Swipe right for yes and left for no. Vyne, an app launched earlier this month by two University of Maryland students, combines this familiar dating app approach with thrifting.

The app, exclusively available at this university, allows students to snap a picture of an item they’d like to sell before potential buyers swipe left or right until they discover items they’d like to purchase. Once they swipe right, they enter a chat with the seller where they can discuss the item and sale.

Co-founders Shaurya Saran and Vaughn Hatfield, both junior computer science majors, love to thrift but realized other thrifting apps were too tedious.

“It was inconvenient to use [other apps] because if I were to sell a $7 shirt, I wouldn’t want to box it up and go and ship it out,” Saran said.

If no one buys a seller’s clothes within 30 days, Saran and Hatfield volunteer to pick up the items free of charge and donate them to a local organization.

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The app also partners with other local businesses — including student-run and university-centered shops such as Old Town New Clothes, Thrift at UMD and UMD Fit Check — allowing students to buy from and support one another.

“Having a sustainable fashion trend throughout campus would really limit the amount of clothes or any stuff in general, just going to waste,” Saran said. “You can make an opportunity and get monetized and get some money from it — so it’s kind of a win-win situation.”

Hatfield and Saran met as freshman roommates and have been friends since. Earlier this year, the two bounced around ideas for a project and decided on Vyne before spending all summer developing and perfecting it.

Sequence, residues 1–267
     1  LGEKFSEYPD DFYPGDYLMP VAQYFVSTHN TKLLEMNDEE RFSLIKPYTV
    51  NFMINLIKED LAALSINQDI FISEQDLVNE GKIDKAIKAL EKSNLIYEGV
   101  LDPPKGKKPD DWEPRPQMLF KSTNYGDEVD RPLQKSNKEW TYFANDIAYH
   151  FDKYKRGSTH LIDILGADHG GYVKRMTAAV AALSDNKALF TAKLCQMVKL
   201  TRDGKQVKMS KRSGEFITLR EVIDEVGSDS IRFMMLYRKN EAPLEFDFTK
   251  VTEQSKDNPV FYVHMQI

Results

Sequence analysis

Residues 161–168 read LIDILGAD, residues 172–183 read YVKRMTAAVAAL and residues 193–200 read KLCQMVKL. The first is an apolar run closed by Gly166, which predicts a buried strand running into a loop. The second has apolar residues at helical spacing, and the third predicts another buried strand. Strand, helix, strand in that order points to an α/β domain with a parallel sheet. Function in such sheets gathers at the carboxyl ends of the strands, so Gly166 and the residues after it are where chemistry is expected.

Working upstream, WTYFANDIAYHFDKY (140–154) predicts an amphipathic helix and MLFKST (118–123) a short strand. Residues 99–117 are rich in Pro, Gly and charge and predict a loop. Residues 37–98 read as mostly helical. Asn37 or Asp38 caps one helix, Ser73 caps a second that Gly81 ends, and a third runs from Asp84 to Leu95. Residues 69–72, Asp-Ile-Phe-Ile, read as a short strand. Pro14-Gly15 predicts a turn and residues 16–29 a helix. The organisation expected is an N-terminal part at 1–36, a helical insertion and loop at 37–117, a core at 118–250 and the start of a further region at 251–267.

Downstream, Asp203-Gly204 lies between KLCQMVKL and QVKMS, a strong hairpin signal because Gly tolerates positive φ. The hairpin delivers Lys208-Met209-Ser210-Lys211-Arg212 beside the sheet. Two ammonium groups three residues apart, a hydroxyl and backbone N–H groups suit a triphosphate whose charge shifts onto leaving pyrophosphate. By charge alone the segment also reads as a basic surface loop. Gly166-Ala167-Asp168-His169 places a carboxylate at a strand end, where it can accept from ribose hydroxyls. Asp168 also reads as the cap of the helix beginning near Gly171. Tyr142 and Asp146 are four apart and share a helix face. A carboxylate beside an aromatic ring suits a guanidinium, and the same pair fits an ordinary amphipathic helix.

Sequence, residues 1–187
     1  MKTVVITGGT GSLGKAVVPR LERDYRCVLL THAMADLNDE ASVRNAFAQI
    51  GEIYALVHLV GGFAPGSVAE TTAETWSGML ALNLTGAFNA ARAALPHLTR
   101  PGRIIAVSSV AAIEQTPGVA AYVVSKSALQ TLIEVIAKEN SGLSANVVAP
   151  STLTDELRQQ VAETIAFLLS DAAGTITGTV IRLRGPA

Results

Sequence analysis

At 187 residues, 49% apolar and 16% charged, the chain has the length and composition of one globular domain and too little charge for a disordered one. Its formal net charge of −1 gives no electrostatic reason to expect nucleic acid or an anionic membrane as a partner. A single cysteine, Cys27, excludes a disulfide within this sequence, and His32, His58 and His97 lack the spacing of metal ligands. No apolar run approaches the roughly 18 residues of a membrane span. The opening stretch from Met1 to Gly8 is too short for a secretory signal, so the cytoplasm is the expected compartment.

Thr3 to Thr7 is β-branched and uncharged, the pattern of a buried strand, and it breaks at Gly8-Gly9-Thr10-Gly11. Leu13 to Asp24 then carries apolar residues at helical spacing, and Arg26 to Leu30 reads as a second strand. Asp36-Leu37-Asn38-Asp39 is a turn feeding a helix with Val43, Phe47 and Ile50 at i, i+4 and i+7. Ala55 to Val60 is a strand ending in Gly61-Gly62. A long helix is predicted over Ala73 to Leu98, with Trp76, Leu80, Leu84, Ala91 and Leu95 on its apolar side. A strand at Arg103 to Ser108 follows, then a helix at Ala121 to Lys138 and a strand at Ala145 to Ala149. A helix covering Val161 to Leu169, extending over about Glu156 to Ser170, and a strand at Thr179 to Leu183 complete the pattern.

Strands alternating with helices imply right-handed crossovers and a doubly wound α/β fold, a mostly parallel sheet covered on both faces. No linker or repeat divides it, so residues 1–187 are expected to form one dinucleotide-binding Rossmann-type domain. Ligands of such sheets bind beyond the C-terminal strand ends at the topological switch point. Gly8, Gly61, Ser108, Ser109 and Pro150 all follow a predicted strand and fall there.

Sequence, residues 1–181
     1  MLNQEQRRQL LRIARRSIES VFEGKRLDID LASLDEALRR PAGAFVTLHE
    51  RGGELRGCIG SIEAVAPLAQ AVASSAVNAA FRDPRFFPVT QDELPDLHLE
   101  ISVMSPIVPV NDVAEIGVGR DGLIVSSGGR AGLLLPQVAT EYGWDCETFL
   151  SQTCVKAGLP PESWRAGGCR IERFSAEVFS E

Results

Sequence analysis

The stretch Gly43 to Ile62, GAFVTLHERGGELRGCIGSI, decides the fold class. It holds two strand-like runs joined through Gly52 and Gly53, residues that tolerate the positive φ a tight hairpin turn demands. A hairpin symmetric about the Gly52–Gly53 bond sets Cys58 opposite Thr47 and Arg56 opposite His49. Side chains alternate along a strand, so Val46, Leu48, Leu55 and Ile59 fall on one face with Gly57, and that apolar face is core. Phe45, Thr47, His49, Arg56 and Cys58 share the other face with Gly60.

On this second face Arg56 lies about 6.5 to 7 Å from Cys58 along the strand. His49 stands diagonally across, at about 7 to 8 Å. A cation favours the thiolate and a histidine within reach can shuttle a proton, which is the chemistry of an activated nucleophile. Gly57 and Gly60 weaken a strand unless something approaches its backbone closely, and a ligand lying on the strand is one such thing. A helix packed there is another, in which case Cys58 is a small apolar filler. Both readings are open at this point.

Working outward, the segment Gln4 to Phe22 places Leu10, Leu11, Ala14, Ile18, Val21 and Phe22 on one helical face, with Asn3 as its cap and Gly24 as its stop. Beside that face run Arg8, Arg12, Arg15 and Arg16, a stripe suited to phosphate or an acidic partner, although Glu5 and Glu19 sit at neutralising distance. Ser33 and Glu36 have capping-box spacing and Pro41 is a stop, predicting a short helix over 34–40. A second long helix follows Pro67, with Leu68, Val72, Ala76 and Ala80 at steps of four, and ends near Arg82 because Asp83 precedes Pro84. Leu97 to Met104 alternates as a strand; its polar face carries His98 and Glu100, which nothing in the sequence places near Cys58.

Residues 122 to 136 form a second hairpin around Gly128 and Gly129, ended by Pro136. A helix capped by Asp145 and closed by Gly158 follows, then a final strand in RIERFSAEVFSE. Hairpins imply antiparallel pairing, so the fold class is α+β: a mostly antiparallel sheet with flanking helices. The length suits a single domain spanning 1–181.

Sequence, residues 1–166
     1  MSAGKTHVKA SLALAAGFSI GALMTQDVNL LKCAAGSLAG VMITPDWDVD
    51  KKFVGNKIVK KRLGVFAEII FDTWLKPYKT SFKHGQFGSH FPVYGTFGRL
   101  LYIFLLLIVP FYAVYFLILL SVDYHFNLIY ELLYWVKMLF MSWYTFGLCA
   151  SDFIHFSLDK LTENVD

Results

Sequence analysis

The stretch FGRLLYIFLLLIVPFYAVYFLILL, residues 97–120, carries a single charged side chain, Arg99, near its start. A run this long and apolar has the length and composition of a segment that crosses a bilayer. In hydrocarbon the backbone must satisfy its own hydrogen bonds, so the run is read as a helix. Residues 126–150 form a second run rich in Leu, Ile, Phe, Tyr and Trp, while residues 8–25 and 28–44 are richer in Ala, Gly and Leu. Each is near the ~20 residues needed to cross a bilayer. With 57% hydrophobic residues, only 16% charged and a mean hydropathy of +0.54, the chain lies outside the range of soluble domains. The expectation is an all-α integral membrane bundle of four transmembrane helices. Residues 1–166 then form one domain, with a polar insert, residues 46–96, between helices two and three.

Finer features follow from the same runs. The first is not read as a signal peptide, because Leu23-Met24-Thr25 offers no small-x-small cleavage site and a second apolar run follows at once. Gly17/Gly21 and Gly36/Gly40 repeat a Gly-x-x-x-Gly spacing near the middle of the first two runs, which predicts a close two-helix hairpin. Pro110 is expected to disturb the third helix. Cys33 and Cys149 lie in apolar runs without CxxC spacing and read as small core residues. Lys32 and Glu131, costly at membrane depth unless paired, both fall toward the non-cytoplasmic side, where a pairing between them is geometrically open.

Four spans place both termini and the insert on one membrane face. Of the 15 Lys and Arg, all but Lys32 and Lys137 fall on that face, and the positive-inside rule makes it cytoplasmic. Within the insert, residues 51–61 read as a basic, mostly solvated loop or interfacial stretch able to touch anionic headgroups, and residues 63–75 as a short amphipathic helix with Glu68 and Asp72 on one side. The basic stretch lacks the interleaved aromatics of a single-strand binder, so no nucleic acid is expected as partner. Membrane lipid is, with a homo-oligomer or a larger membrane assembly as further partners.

Creating the app was like a full-time job, Hatfield said. The pair met twice a week and worked for hours each day. Despite their studies, the two didn’t have as much experience with user interface or front-end development — the part of the app users see and interact with.

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“It’s definitely a thing I’m proud of, looking back, because it was a long process, and I’m glad that we stuck with it throughout the whole summer and we didn’t give up,” Hatfield said. “There’s obviously some points where like, ‘Oh, this might not work out,’ but we overcame that barrier.”

After the app launched on Oct. 9, Saran and Hatfield hung up fliers around campus and joined this university’s startup shell incubator. The app has since gained around 300 users at this university.

The pair hopes to continue growing their app and potentially expand to other schools and hire new team members, Hatfield said.

Vyne allows users to not only gain new clothes, support sustainable fashion and clear out their closet, but creates a community of thrift-loving students, said junior computer science and math major Arjun Aggarwal, who has used the app.

“It’s definitely going to make a whole community and make a lot of people who are into thrifting just more tight-knit with each other,” Aggarwal said. “[Vyne’s] definitely a great way of meeting new people with similar interests.”